Current Concepts In Treating Diabetic Foot Osteomyelitis

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Author(s): 
William B. Hoffman, BS, Khurram H. Khan, DPM, FAPWCA, and Mark Kosinski, DPM, FIDSA

   Diabetic foot osteomyelitis continues to be one of the more challenging entities to diagnose and treat accurately. Although there are established clinical practice guidelines set forth by the Infectious Diseases Society of America (IDSA), deviations from these guidelines often exist from one treatment facility to the next.1

   Many physicians continue to dogmatically use the so-called “standard” regimen of six weeks of parenteral antibiotics for every patient with bone infection regardless of the clinical situation. Several recent studies have cast doubt on the superiority of parenteral agents versus oral agents, and have re-examined the need for surgical debridement.2-5

   Accordingly, let us take a closer look at these issues and others in the diagnosis and management of diabetic foot osteomyelitis.

Can We Treat Diabetic Foot Osteomyelitis Without Surgical Intervention?

   The question of whether osteomyelitis of the diabetic foot can be treated without surgical intervention is often debated. Many clinicians feel that osteomyelitis cannot be treated effectively if one does not excise infected bone early on in the infectious process. Other physicians have argued that one can address osteomyelitis with minimal debridement and appropriate antibiotic treatment, and that physicians should reserve surgical debridement for those patients who are unresponsive to treatment or those with limb-threatening infections.2

   In their retrospective study of 147 patients with osteomyelitis, Game and Jeffcoate treated 113 patients with antibiotics alone. Of those 113 patients, 93 (82.3 percent) achieved remission without surgery. The remaining 34 either underwent minor amputation (28 patients) or major amputation (six patients). Of the 28 undergoing minor amputations, 22 achieved remission (78.6 percent).2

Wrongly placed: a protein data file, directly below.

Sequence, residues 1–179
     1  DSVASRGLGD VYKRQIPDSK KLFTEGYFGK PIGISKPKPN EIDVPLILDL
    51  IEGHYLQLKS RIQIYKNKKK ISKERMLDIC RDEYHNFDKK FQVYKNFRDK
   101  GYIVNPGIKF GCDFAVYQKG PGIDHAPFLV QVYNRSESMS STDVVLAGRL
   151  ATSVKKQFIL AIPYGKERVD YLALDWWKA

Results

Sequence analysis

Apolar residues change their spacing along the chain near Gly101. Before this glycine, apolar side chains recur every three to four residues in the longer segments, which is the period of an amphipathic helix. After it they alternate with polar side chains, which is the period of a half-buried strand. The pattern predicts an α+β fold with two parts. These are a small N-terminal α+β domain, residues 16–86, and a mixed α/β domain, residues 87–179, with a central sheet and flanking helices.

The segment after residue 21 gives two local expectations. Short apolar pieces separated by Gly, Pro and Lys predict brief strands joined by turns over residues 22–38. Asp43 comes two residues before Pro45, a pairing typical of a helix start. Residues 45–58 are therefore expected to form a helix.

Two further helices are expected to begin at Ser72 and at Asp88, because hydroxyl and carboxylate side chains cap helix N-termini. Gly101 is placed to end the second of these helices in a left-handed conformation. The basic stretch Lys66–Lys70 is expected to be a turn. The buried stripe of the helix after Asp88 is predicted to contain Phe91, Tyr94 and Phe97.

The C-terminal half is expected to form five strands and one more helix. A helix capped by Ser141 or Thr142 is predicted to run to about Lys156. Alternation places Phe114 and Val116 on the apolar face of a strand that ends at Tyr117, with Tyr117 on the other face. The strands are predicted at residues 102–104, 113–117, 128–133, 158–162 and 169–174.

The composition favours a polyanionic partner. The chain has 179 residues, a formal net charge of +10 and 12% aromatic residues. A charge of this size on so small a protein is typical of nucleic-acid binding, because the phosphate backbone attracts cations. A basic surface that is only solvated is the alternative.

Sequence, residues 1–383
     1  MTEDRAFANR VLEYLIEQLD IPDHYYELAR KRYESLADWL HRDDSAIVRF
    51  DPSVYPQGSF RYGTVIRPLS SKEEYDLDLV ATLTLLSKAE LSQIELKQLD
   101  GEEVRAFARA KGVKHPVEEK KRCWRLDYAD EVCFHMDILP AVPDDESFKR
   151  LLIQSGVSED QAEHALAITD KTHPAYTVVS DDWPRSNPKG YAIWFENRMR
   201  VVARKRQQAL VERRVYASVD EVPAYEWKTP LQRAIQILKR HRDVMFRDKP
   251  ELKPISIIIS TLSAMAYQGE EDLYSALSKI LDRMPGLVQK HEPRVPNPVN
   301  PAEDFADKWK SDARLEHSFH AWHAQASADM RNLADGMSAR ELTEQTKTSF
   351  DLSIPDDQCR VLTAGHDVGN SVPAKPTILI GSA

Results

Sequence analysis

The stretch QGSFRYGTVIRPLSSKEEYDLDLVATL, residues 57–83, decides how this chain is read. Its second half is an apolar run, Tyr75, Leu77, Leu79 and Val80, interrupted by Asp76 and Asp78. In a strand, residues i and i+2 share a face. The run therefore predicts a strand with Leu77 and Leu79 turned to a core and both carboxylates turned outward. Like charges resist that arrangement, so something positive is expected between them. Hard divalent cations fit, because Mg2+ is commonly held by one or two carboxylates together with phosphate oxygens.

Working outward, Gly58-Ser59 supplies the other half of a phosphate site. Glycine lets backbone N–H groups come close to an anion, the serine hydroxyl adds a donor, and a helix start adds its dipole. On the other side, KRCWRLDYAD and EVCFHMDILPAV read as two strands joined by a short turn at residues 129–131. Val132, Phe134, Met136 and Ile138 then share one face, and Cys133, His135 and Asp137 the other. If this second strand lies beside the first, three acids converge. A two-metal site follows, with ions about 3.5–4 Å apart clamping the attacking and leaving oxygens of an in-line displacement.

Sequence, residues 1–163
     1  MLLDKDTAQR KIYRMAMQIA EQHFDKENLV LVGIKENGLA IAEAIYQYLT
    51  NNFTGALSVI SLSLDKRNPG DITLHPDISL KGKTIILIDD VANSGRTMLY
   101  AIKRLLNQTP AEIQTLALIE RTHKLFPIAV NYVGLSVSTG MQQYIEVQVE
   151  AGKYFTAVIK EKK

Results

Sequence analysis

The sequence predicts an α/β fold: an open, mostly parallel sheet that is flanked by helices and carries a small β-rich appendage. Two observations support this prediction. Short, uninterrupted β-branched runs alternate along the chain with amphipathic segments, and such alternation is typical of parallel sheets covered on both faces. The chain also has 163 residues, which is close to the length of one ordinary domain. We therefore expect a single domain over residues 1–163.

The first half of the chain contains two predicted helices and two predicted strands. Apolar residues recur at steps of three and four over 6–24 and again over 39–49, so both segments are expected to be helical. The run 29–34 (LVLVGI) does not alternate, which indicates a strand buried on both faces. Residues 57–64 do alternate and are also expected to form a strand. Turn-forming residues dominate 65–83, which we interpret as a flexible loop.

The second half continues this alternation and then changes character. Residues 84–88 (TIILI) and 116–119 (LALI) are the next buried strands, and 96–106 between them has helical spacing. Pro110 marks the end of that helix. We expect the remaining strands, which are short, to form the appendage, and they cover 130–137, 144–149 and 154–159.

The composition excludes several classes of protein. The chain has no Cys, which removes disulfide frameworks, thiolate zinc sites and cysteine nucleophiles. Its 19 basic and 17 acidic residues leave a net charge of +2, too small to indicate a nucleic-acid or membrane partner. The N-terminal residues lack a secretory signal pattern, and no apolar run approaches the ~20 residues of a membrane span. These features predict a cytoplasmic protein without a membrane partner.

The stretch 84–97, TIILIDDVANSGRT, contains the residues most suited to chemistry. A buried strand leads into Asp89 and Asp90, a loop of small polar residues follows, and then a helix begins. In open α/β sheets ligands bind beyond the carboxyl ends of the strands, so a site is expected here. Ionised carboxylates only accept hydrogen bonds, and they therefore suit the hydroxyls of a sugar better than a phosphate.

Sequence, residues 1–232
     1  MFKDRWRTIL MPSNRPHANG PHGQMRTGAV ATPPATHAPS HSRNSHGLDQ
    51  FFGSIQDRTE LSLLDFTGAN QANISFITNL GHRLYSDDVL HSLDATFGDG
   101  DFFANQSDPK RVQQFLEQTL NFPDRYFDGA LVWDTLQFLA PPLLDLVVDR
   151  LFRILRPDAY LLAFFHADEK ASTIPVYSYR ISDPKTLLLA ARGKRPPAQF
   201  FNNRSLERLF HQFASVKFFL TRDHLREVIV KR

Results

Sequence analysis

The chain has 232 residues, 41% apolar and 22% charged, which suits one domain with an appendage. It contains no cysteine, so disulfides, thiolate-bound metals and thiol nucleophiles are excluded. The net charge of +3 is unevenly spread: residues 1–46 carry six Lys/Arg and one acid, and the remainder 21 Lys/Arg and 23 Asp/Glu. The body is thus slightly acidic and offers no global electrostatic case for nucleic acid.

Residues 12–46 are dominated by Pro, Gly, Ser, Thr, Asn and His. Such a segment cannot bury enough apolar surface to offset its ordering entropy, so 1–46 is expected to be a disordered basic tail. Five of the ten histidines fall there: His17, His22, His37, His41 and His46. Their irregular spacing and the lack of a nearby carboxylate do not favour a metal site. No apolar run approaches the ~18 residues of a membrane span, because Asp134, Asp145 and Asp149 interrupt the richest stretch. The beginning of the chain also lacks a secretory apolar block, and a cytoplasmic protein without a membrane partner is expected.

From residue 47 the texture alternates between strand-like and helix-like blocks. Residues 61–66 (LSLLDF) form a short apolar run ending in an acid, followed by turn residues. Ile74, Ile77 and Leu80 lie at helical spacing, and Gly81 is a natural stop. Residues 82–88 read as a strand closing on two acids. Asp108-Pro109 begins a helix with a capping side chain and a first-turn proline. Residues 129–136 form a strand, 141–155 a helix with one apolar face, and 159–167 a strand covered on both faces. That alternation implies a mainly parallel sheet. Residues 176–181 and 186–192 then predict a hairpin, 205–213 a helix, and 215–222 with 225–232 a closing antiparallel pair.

In both groups, the two most common oral antibiotic regimens were either amoxicillin/clavulanic acid (Augmentin, GlaxoSmithKline) or clindamycin in combination with ofloxacin or ciprofloxacin (Cipro, Bayer). If the researchers identified methicillin-resistant Staphylococcus aureus, they either added the following drugs to the regimen or substituted them for other antibiotics: trimethoprim (Bactrim, Roche), doxycycline (Vibramycin, Pfizer), fusidic acid (not available in the U.S.) or rifampicin (Rifadin, Sanofi Aventis).2

   These findings form a strong argument against the 2004 study of 224 patients by Henke and colleagues, who maintained that “conservative management worsens lower extremity salvage.”6

What One Study Reveals About Using Oral Antibiotics Alone

   A 2006 retrospective study by Embil and colleagues looked at the efficiency of oral antibiotics alone in the treatment of osteomyelitis of the diabetic foot.3 Operative facilities and home intravenous antibiotic therapy programs are not always available in more remote or rural settings. In these settings, oral antibiotics are often the only treatment options.

   Typically, the treatment of osteomyelitis consists of debridement of infected tissue and bone along with a four- to six-week regimen of parenteral antibiotics. Some recent studies have described the use of a shorter course of parenteral antibiotics followed by a longer course of oral antibiotics.7-10 Embil and co-authors proposed that oral antibiotics with or without limited debridement is an effective way to treat osteomyelitis of the foot.3

   The study authors diagnosed osteomyelitis if there was a grade 3 Wagner ulcer with drainage plus at least one of the following criteria: evidence of bone destruction on plain radiographs; localized increased uptake on technetium bone scan with or without gallium; bone at the base of the ulcer that one could see, probe or palpate; or a positive bone culture showing microbial pathogens.3

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